“Melody Lee” opens with a mournful solo piano that suddenly gives way to a head-bobbing pop-punk riffing that had to have been on constant rotation for those who would later form bands that built on a combination of introspection and energy like, say, The Descendants. Ditto for “The History of the World Part 1” and “I Just Can’t Be Happy Today,” both of which pair melodies you can bellow along with and satirical swipes on a world gone mad. A couple of somewhat surprising covers, Jefferson Airplane’s “White Rabbit” and Love’s “Alone Again Or,” are handled with the right amount of cheek and appreciation for a killer melody. Melody is one of the things that keeps a song from floundering, no matter how in-your-face its rhythm and chord structure might be, which is something a lot of spunky punk bands tend to forget. The Damned always kept that well in mind.
Interestingly, along with Vanian’s penchant for vampire garb, The Damned also might be a crucial forerunner for goth rock. Phantasmagoria, one of their ’80s records, featured a black-clad, exquisitely witchy cover girl who went on to become the wife of Nick Cave, as truly gothic a singer/songwriter as we’ve got. One of the band’s biggest hits, the sprightly but eldritch “Grimly Fiendish,” is a Halloween outfit in musical form. “Dr Jekyll and Mr Hyde” gives a tip of the black fedora to one of the essential tales from the darker side of the library. “Wait for the Blackout” celebrates the nocturnal lifestyle as a welcome romantic relief from a sunshiny world where “the light here is too bright.” And then there’s the epic, ambient, experimental “Curtain Call,” where Vanian sounds as if he’s sitting at the bottom of the ocean, intoning over a series of musical variations and sound effects. The attention of an ADD-afflicted listener might wander, but the song consistently changes shape enough times to keep things interesting for most of us.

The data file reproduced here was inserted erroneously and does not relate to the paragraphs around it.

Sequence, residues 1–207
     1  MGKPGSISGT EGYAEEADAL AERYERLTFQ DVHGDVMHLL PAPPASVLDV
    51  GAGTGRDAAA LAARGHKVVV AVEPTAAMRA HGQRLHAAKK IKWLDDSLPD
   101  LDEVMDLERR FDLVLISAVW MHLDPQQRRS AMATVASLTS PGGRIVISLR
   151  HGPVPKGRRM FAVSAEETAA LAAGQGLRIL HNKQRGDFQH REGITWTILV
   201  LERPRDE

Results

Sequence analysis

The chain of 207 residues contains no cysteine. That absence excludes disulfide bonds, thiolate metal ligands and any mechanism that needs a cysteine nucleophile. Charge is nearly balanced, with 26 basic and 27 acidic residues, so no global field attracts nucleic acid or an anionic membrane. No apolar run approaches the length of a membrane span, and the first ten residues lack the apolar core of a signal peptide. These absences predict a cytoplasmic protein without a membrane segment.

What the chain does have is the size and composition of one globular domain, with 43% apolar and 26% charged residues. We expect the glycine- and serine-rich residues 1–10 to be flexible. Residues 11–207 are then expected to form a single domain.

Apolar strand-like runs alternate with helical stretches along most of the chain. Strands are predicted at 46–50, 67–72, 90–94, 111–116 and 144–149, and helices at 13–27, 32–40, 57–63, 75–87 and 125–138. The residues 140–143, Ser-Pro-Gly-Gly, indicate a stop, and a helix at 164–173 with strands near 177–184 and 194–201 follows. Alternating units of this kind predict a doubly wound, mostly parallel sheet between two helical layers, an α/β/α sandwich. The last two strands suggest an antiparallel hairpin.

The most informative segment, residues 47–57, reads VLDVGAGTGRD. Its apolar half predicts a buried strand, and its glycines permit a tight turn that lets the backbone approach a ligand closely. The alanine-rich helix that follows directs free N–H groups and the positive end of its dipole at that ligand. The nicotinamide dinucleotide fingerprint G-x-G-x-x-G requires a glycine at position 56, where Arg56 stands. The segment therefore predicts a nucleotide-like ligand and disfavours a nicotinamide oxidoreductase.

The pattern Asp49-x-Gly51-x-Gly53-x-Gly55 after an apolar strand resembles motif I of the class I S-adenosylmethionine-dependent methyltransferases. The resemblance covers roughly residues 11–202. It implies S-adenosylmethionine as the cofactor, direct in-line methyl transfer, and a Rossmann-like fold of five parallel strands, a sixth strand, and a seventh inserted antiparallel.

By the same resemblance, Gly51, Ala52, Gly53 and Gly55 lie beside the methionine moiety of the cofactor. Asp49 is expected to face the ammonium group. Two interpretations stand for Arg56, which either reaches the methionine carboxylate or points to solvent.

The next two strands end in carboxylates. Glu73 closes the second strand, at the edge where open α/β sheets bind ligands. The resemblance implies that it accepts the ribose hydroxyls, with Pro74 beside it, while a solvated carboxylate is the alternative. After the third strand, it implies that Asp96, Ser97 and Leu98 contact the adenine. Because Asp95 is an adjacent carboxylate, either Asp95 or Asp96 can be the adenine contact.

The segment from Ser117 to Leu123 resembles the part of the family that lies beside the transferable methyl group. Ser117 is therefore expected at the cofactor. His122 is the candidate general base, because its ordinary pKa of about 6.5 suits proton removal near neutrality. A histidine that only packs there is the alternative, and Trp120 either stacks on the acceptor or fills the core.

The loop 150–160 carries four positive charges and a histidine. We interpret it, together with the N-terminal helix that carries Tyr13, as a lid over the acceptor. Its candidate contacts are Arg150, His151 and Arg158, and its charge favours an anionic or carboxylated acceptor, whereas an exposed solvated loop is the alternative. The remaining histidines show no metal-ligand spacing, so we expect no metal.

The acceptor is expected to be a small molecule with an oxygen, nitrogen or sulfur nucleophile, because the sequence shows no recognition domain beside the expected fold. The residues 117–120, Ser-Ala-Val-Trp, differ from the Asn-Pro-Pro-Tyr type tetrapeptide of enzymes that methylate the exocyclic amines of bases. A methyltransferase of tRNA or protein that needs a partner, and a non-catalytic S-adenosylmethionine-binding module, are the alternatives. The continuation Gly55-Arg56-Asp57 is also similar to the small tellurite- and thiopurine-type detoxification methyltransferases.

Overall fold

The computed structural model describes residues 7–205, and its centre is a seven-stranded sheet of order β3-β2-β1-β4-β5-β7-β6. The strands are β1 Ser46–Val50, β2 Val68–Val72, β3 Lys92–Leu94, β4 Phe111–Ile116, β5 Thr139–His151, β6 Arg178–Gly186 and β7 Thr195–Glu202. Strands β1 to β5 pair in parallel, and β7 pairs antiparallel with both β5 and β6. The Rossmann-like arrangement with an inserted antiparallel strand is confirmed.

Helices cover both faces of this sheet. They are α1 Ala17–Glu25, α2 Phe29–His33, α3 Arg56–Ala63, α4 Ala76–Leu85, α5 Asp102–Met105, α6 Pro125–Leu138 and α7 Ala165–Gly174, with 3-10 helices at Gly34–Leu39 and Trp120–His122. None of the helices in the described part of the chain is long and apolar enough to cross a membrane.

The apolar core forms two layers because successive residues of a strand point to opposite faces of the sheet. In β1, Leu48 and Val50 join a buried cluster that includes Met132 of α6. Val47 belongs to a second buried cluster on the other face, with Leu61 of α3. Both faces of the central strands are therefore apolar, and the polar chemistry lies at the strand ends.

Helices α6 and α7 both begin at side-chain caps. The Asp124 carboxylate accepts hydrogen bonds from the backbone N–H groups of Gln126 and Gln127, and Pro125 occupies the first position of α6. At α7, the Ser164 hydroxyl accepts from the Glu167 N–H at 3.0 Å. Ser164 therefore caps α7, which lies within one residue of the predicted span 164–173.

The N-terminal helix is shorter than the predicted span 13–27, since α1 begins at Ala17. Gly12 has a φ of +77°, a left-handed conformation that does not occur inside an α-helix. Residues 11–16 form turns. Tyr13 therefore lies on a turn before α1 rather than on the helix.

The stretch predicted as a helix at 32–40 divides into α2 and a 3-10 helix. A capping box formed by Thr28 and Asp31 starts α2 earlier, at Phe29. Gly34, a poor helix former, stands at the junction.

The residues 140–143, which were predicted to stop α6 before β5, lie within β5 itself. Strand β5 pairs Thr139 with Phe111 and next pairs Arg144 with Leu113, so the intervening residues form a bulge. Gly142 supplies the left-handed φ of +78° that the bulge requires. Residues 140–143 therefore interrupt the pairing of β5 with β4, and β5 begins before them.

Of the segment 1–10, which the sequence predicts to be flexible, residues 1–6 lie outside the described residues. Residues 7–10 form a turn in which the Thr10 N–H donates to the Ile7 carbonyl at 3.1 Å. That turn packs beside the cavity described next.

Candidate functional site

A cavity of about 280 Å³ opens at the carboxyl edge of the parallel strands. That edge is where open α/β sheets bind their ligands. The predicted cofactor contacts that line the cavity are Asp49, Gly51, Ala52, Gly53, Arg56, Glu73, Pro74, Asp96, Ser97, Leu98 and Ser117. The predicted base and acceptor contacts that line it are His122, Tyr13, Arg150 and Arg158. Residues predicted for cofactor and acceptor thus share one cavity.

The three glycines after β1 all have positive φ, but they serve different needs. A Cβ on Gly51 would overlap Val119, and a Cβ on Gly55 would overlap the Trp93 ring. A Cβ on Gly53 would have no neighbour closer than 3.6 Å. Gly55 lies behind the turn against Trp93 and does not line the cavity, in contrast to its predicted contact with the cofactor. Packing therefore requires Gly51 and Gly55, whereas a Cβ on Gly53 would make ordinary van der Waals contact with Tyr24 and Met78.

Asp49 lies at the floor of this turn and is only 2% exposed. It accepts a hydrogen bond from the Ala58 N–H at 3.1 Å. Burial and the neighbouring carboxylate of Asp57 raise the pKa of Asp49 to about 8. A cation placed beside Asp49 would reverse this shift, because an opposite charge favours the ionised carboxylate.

Not many other bands who came up playing grungy London clubs to sweaty crowds pogoing into each other wanted to venture this far afield from the “three chords and the truth” minimalist punk ethos. And, in the end, that willingness to go out on a musical limb and then bounce up and down is what sets The Damned apart from most bands of their generation. Why should a group who helped jump-start the punk revolution rest on its laurels? Or be content to grow stale through repetition? Maybe the most punk thing a band can do is to be ever ready to get dark and freaky — but never hesitate to rave it up when the mood strikes. It’s true that there have been plenty of compilations, discs of rarities, and such over the years, but this anthology is designated as “definitive” and, since it contains decades of material, it’s safe to say the tag is probably correct. For longtime fans, Black Is the Night might not be a must-buy. But for those who haven’t heard The Damned in depth (who might be a majority) it offers a handy case study, maybe even a definitive one, in how it’s done.
Matt Hanson is a contributing editor at The Arts Fuse whose work has also appeared in The American Interest, The Baffler, The Guardian, The Millions, The New Yorker, The Smart Set, and elsewhere. A longtime resident of Boston, he now lives in New Orleans.